The Ovarian Cancer Research Foundation was co-founded in May 2000 by Associate Professor, Thomas Jobling and Chief Executive Officer, Liz Heliotis. The OCRF is committed to prosper research for an ‘early detection test’. It also seeks to support patients and their relatives in understanding this disease and its treatment as well as to raise public awareness.
The OCRF principle aim is to foster research of an early detection test to allow patients to be diagnosed at an early stage, this will significantly improve the survival rates.
The corporate and community support we have received over the last few years from partners has allowed the OCRF to progress our knowledge of this disease and positioned the OCRF as a leading independent agency dedicated to the vital research of this insidious disease.
- To develop and implement an early detection program
- To improve the mortality rate, management and long-term survival of women with ovarian cancer
- To raise community awareness of the importance of early detection
The silver ribbon is the identifier for excellence in Ovarian Cancer Research. The ribbon is a continued reminder of the passion needed to search for a breakthrough & deeper understanding into this disease.
- 1 woman dies from ovarian cancer approximately every 10 hours
- Ovarian cancer is a malignant tumour of the ovary.
- It is a “silent killer” in our society.
- Currently, ovarian cancer has a lower survival rate than both breast and cervical cancer, both of which have early detection tests.
- 70% of women diagnosed with ovarian cancer will die of their disease.
- Over 50% of Australian women are unaware that ovarian cancer is not detected by a pap smear.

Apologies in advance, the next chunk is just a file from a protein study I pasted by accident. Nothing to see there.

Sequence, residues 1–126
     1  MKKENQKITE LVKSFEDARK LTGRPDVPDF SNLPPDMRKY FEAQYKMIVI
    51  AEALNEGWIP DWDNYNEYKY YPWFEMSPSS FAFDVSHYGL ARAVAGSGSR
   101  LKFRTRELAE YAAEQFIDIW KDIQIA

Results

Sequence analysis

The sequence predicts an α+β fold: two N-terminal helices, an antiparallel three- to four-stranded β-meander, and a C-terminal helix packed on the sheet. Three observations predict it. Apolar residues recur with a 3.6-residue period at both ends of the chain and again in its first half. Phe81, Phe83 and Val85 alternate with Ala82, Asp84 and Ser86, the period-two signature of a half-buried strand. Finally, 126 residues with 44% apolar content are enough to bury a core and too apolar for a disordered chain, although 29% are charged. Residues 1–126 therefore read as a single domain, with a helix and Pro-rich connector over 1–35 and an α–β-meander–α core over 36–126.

- Currently no simple or effective early screening method exists, which means most women diagnosed are already in the advance stages of the disease.
- At present, when detected and treated early, 80-100% of women will survive beyond 5 years compared with only 20-30% when diagnosed at late stage.
- It is the leading cause of death of all gynaecological cancers.
- The key to changing this statistic and giving women with ovarian cancer a better long-term outlook is early detection.
Proposed screening tests for ovarian cancer have featured in the lay-press, both electronic and print, in recent months. The view of OCRF, consistent with the draft National Statement prepared by NBOCC, is that no test currently exists which meets acceptable standards of accuracy for population-based screening for ovarian cancer.
Australia has no mechanism in place as yet to evaluate or licence tests which claim to detect hidden diseases. Nevertheless, there has to be good evidence that a test is sensitive (ie, can reliably detect the disease whenever it is present) AND specific (ie, can rule out the disease in healthy persons). No test for ovarian cancer has been shown to meet acceptable levels for these criteria. In the United States, the Food and Drug Administration examines evidence that tests meet suitable standards, and has recently forced the withdrawal of one heavily marketed test which failed to meet minimum standards.
To find out more click here